At this stage Age Concern became involved and agreed to part fund the project by paying for the venue.  This helped to establish sustainability and this was established when the project was taken into the main stream of Adult Education activities.  The group is now growing in strength, and for an area that was barren of all adult education this represents a real step forward.  Some of the group have now started to attend a second fitness session outside of their immediate neighbourhood.  We felt that a real breakthrough had been achieved when our first man joined the group after a neighbour recommended the course, stressing that it was very sociable and good fun.


Another group of women set up a truly innovative photography project.  Combining with Coventry’s WOWW (What Older Women Want) group and Warwick University Arts Centre, they came from all areas of the City to work with a professional photographer.  They decided that they wanted to build a black and white film portfolio that reflected their view of the City, and their environment.


Having shot their individual films, the group discussed their images and collectively decided which photographs were most evocative.


These were then enlarged and became an exhibition that toured the City to great acclaim.  The group also found that their achievement could qualify them for a national qualification through the Open College Network.  Although this had never been an explicit objective of the activity – this award reconfirmed the recognition of their achievement.


The successful outcome of the project encouraged the women to combine with Warwick University to produce a piece of performance art to compliment the work of Eleanor Antin, who was having a major exhibition at the University.


Picking up on Antin’s surreal humour, the group chose images that they wanted to express their feelings about the West Midlands.  These were transposed to postcards and each member was given a set to send out to other members of the public, as well as local and national politicians, to involve them in the work.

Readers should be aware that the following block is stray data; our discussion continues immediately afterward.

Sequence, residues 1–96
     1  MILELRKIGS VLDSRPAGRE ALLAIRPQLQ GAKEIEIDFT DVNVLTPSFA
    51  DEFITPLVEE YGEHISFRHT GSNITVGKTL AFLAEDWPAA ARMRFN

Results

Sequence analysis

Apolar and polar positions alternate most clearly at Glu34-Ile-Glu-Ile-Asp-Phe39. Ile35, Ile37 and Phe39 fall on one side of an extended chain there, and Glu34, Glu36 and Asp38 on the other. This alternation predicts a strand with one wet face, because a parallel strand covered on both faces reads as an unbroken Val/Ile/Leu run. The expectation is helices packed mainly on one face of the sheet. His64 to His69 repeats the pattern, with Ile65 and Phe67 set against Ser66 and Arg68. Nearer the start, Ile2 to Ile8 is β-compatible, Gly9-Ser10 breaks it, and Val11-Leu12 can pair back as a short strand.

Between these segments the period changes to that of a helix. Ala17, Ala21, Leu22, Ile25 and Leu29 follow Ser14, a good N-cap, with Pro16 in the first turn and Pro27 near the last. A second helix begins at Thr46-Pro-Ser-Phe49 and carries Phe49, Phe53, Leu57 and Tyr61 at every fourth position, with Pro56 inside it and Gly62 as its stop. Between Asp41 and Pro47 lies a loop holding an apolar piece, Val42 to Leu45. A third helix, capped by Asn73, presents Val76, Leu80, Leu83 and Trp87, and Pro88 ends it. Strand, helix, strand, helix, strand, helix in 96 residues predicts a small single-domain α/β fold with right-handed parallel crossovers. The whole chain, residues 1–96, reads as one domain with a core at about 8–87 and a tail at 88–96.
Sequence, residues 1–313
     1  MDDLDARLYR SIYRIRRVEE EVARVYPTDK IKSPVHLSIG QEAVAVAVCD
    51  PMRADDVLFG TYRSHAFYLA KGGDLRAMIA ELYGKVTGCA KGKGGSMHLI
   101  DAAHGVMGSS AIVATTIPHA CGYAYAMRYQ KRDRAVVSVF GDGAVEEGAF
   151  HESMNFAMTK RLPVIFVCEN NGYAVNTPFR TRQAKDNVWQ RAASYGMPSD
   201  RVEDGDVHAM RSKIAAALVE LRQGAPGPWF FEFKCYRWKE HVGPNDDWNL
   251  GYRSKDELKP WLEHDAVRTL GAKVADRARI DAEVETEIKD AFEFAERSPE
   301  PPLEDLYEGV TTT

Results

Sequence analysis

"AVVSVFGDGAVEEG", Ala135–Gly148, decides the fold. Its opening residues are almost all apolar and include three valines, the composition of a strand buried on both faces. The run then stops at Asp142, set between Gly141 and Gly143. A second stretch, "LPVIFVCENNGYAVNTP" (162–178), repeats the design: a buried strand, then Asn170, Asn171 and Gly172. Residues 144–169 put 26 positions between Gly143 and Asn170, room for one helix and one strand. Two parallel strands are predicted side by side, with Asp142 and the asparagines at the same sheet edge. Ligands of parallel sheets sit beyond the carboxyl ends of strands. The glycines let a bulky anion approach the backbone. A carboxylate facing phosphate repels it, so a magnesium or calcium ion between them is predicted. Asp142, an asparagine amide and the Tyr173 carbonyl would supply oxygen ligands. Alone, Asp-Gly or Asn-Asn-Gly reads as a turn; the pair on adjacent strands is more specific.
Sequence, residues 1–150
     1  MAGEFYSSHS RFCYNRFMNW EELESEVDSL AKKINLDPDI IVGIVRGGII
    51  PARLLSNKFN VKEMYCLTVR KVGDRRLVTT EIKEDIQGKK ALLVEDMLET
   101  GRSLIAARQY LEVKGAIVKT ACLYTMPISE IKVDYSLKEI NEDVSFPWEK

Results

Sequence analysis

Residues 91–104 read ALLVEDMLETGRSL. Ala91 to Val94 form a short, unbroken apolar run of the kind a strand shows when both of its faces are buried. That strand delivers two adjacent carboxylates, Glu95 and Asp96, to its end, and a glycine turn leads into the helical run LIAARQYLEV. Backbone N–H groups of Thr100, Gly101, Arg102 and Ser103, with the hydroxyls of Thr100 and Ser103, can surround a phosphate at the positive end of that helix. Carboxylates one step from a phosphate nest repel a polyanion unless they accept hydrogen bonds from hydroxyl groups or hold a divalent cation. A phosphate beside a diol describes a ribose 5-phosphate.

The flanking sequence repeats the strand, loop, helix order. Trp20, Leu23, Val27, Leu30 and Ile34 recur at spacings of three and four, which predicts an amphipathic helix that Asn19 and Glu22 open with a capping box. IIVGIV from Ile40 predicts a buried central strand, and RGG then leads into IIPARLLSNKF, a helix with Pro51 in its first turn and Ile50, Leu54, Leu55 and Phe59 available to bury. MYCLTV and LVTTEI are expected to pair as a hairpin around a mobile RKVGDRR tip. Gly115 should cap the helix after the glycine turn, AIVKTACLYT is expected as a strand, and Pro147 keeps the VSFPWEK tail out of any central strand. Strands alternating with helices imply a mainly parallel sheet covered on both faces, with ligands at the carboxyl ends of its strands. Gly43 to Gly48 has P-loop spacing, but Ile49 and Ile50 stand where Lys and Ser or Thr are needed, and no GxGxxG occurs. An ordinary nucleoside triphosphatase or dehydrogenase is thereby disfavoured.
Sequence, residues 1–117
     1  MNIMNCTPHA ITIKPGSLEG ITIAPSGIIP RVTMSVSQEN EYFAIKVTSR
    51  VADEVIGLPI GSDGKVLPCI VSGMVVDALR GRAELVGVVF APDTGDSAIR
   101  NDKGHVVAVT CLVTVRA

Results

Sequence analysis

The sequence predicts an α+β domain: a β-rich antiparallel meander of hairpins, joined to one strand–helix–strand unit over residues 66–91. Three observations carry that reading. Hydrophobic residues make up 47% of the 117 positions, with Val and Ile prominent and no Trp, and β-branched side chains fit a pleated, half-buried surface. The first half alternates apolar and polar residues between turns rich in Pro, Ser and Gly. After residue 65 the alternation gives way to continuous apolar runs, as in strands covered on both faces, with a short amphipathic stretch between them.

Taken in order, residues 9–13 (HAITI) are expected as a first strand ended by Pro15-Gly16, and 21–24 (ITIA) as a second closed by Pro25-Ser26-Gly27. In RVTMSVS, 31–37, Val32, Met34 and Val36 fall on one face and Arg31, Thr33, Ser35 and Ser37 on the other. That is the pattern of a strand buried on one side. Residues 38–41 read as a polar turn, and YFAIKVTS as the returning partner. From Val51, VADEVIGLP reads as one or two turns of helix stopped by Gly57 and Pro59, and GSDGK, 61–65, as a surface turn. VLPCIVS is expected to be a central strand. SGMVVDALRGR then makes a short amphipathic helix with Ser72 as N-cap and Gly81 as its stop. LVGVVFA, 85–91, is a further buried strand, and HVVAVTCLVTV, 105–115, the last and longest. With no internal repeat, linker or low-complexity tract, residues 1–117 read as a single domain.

No Over 50’s group would be complete without its Silver Surfer, and naturally one of the Mentors was anxious to maintain and develop his own skills by helping others to overcome their reticence about Computers and become confident and competent in their use.  With the support of the Adult Education Service, he was able to offer simple introductory courses for up to ten people lasting two hours a week for twelve weeks.  The supply of learners is never ending and the demand so great, that we are now into our seventh course in just one centre.  Many of these learners have progressed on to higher qualifications including E mail and Internet skills, and each step forward seems to only make them more determined to develop new interests.  The new groups are now taking thirty-week courses from the start.


Equally enthusiastic were the group who signed on for an Over 50’s Salsa Dancing class.  On this occasion the Mentor learned very quickly about the frustrations of finding a suitable venue, available at the appropriate time and with a qualified Tutor.  The Mentors unstinting perseverance finally brought everything together and a very successful group was set up working with a very youthful Tutor aged over seventy.


After a ten-week trial people wished to continue, the lack of male participants was overcome by establishing a Latin-in-Line class.  When an article appeared in the local newspaper our switchboard was overloaded as more then eighty calls for further information were received on one morning.  Eventually three new classes were established.


So what have we gained from these activities?  Well at least half the original Mentors have attained the level required for an OCN qualification.


But this is only a collateral outcome.  Essentially people have been given the opportunity to identify learning needs within their community, and use their skill to present opportunities for learning.  Over two hundred people have been drawn into new learning opportunities, and through the Adult Education Service many of these can be made sustainable and obtainable for other groups.


The Adult Service has also benefited by being able to network with voluntary and other agencies such as Age Concern, and the Health Authority to maintain activities.  For example the Health agenda and the maintenance of an independent lifestyle can be embraced by Latin-in-Line Dancers, who are drawn from a wide cohort of people who would never consider entering a gymnasium.


Overall the scheme has been a great success both for the Mentors and for their clients.  The Over 50’s have shown that there is still a lot of enjoyment to be gained from learning and that this leads to increased confidence and independence, as well as providing an ambience that is both sociable and self-perpetuating.  It is to be hoped that other Mentoring groups can establish themselves, and we have just had an enquiry regarding setting up a National Distance Learning Mentoring project for women. 

More to follow? – who knows?  Especially as it is all based on volunteers being Mentors to develop provision.